. Explore the National Museum in Nairobi 
 Nairobi National Museum 3.14.10

. Visit the Serengeti in Tanzania

. Ride a camel
 Cairo: May 2010
Mary Anne on a camel on the beach in Mombasa.  Sadly the pics of me on the camel disappeared along with my friend's camera :(

. Walk like an Egyptian
Cairo: May 2010

. Wander the pyramids at Giza
Cairo: May 2010

. Shop the Village Market in Nairobi
Check and check.  Mini-golfing and bowling fun at Village Market.

. Cruise down the Nile
Ok, so no cruising has occurred yet, but here are pictures from my encounters with the Nile thus far.  
 Tributary of the Nile in Juba, Sudan: March 2010
River Nile in Cairo: May 2010

. Climb the pyramids in Sudan

. Swim in the Red Sea

. Track mountain gorillas in Uganda

. Snorkel in the Indian Ocean
(L) The boat to take us to the reef for snorkeling.
(R) Trying to get back on the boat post-snorkeling.

. Pet a cheetah

. Celebrate the big 3-0 African style
 Birthday dinner at Osteria: July 7, 2010

. Attend an African wedding

. Dip a toe in Lake Victoria
I didn't get to spend any time at the Lake but I did see Lake Victoria on my way to and from Entebbe while in Uganda for work.
Sunrise at Lake Victoria: October 2011

. View the great animal migration from the Serengeti to Masai Mara
 Masai Mara: July 2010

. Discover hidden treasures in the Museum of Egyptian Antiquities
 Cairo: May 2010

. Watch the sunset over Mount Kilimanjaro
Ok so I wasn't at the right angle to watch the sun set over Kili but here's a pic of the mountain and the sun setting *near* it.   
Amboseli National Park: November 12, 2011

View of Kili at dusk from Moshi, Tanzania: July 2011

. Get over my fear of heights and take a hot air balloon safari

The long goodbye

I didn't anticipate having to give a month's notice at work. However, it does give me two more weeks to prep myself to move nine thousand miles away...or let me ruminate on all the things things I love and will miss the most.

Some of those hit home last night as I had dinner with my Junior League foodie girls. We tried a fabulous new place, Dish, on Cedar Springs (definite must) when I realized there will be no more last minute happy hours or dining out. My new life may be devoid of Mexican food, restaurant openings, and wine bars and yet I embrace it fully. If I could I would drop everything and move tomorrow. However that doesn't seem to be in the cards for me, so instead I will begin to say goodbye to the life I love in Dallas. The "Goodbye Dallas Hello Africa" tour begins immediately and runs through mid to late February. Hope you can make it!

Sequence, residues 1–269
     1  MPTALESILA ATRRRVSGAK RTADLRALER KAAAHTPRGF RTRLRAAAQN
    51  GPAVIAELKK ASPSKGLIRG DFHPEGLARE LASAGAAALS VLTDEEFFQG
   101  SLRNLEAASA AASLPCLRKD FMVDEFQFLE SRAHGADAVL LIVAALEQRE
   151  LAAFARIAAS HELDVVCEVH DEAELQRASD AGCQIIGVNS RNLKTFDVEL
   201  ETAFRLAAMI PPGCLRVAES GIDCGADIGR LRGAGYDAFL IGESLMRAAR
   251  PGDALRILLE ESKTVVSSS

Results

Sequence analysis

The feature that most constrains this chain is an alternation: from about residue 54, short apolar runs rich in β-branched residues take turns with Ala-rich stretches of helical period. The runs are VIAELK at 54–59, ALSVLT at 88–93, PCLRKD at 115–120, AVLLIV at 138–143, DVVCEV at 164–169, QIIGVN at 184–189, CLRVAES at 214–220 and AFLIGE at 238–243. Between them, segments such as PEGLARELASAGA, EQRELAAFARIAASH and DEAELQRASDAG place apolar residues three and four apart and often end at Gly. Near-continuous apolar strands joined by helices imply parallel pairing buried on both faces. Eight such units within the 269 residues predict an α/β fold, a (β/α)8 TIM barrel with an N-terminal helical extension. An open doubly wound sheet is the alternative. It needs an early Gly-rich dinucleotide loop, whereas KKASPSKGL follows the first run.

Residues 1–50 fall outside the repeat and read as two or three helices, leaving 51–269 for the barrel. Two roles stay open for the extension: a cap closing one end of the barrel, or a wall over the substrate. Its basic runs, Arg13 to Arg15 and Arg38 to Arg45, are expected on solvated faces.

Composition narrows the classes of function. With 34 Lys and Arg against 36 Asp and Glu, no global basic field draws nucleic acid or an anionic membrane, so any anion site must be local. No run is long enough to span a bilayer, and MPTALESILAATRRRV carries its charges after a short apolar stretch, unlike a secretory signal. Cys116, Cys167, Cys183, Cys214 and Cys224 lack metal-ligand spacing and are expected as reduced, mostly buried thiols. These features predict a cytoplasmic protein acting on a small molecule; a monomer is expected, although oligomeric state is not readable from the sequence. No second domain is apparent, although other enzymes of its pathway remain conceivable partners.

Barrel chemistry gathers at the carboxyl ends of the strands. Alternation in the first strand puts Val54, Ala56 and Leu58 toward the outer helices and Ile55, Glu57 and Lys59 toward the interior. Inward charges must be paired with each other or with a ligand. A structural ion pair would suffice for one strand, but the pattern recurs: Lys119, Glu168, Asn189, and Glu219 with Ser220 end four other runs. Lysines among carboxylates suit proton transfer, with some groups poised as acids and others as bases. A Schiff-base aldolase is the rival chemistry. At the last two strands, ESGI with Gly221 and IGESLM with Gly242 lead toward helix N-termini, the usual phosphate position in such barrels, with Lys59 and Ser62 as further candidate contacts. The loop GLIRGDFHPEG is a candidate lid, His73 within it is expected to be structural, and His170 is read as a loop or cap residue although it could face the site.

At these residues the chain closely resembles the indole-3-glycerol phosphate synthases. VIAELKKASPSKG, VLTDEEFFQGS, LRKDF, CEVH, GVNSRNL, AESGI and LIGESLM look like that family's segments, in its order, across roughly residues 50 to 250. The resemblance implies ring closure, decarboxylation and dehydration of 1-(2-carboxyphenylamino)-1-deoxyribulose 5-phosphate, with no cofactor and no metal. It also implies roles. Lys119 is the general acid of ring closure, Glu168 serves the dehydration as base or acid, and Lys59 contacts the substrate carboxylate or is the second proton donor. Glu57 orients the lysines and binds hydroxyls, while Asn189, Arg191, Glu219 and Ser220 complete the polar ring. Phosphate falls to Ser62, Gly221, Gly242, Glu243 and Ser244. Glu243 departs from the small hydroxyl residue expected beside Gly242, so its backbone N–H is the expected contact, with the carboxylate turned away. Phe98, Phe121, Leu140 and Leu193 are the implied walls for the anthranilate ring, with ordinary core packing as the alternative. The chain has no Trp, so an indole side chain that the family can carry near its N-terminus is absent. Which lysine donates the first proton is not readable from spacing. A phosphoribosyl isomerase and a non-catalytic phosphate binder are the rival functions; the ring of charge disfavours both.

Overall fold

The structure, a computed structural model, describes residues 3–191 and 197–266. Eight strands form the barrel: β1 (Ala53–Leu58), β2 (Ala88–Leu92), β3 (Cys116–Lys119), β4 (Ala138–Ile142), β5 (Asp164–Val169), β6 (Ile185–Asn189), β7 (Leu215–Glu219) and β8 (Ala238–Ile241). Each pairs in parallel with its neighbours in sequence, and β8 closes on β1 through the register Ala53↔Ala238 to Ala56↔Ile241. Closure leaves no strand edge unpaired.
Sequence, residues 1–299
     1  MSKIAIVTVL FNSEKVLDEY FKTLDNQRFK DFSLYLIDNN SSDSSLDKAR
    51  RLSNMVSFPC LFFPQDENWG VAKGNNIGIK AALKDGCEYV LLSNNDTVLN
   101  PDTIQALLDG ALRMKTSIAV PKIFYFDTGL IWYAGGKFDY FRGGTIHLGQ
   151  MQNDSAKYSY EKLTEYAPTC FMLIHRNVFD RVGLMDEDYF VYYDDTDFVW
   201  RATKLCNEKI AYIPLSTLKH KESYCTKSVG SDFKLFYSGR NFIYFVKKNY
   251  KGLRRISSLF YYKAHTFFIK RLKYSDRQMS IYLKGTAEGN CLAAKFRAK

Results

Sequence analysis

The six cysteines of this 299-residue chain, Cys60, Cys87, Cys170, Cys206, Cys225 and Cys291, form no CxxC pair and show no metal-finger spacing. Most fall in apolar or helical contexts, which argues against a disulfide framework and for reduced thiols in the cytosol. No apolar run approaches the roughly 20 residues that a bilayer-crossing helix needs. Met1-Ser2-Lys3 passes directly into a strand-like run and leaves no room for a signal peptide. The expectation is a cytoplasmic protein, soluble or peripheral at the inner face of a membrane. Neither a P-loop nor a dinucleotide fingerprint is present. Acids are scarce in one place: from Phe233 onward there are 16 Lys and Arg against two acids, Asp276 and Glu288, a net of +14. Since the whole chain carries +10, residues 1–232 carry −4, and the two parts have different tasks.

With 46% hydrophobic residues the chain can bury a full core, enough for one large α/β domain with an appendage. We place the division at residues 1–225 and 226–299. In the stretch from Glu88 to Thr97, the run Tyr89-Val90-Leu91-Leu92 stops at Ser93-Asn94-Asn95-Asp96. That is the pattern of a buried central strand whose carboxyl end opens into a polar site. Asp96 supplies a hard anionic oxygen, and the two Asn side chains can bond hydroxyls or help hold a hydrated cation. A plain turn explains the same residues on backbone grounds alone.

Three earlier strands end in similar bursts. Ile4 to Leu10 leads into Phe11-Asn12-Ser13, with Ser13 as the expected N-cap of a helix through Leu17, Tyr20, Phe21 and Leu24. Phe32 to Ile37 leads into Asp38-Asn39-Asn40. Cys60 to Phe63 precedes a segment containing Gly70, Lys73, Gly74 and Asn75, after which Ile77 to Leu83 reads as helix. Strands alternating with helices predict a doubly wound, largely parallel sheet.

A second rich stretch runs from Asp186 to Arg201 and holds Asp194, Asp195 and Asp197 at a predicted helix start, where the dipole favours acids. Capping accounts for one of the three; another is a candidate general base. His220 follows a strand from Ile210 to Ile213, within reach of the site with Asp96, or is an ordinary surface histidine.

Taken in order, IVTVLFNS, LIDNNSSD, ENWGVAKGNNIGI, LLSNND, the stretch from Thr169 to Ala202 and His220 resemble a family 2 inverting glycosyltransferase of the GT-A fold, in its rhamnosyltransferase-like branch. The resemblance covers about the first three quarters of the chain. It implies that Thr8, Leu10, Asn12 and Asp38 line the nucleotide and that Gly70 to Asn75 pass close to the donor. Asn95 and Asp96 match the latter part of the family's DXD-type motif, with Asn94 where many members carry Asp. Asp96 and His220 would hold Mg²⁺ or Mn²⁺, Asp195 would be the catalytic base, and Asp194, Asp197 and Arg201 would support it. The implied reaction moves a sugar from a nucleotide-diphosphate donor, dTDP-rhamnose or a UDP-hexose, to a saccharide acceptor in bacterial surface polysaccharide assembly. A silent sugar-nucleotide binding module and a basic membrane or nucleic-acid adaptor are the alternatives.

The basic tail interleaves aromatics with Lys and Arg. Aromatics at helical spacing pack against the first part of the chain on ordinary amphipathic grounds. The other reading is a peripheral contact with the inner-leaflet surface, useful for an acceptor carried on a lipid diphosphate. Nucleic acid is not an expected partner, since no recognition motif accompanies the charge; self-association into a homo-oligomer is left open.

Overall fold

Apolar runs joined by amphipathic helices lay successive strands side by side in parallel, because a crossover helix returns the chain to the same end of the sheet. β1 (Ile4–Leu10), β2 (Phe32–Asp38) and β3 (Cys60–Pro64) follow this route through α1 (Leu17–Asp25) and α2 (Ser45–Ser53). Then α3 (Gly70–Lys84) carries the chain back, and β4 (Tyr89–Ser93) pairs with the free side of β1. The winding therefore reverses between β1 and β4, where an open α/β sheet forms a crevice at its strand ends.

Greetings fellow earth dwellers!

So, why blog?

Well, as of Monday, January 11, 2010 I decided to join the exciting world of expats and venture away from the safe cocoon of my hometown, Dallas, TX, to seek adventure in Nairobi, Kenya and I figured this was the best way to keep all of my stateside buddies up to date on my African escapades.

What on earth possessed you to move to Africa of all places?

I have been to Africa twice in as many years. For the past two summers I have spent a week volunteering at Camp LIFE, a camp for AIDS orphans in Lusaka, Zambia, and this past summer I also toured Rwandan genocide sites as part of a human rights course. In addition to my coursework and volunteering, I did take some time out to go on a photo safari in Botswana, discover the beauty of Victoria Falls, and do something every little girl dreams of: riding elephants in Zimbabwe. Ok, well maybe that wasn't the exact dream, but point being, I wanted to see the natural beauty of the continent as well as help those less fortunate than myself and learn about one of the worst genocides from my lifetime. After experiencing Africa from this perspective, I truly feel like there is still so much more that can be done to help the people of this struggling continent.

What's the plan?

While in Rwanda I learned more about ALARM, African Leadership and Reconciliation Ministries, an organization that is doing amazing things for the African people. ALARM operates in eight countries including Kenya, Sudan, Rwanda, Zambia, Burundi, the Democratic Republic of Congo, Tanzania, and Uganda to bring hope and transformation to the communities of African pastors and other leaders. ALARM offers a wide array of ministries including Women's Leadership Training Institute and a Youth Advocacy Program. You can learn more at I will join ALARM staff sometime around the end of February in Kenya in a communications/resource mobilization role.

I hope you will join me in my journey as I move almost 9,000 miles from home to a new country, a new continent, and a new life.